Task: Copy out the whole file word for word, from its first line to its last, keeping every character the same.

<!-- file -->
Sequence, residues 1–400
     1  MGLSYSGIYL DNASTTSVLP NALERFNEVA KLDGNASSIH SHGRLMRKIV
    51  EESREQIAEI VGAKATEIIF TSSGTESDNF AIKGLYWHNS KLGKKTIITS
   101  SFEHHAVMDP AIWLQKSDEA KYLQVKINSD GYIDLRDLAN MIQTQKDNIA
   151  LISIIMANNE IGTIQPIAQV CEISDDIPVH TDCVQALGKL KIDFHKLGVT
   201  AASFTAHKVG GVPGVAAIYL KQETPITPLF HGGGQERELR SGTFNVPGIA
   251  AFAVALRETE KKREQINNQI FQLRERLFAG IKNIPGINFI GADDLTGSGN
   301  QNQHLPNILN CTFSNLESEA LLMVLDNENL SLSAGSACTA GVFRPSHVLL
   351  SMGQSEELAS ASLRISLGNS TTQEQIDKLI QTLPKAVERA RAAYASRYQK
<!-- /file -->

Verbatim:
Sequence, residues 1–400
     1  MGLSYSGIYL DNASTTSVLP NALERFNEVA KLDGNASSIH SHGRLMRKIV
    51  EESREQIAEI VGAKATEIIF TSSGTESDNF AIKGLYWHNS KLGKKTIITS
   101  SFEHHAVMDP AIWLQKSDEA KYLQVKINSD GYIDLRDLAN MIQTQKDNIA
   151  LISIIMANNE IGTIQPIAQV CEISDDIPVH TDCVQALGKL KIDFHKLGVT
   201  AASFTAHKVG GVPGVAAIYL KQETPITPLF HGGGQERELR SGTFNVPGIA
   251  AFAVALRETE KKREQINNQI FQLRERLFAG IKNIPGINFI GADDLTGSGN
   301  QNQHLPNILN CTFSNLESEA LLMVLDNENL SLSAGSACTA GVFRPSHVLL
   351  SMGQSEELAS ASLRISLGNS TTQEQIDKLI QTLPKAVERA RAAYASRYQK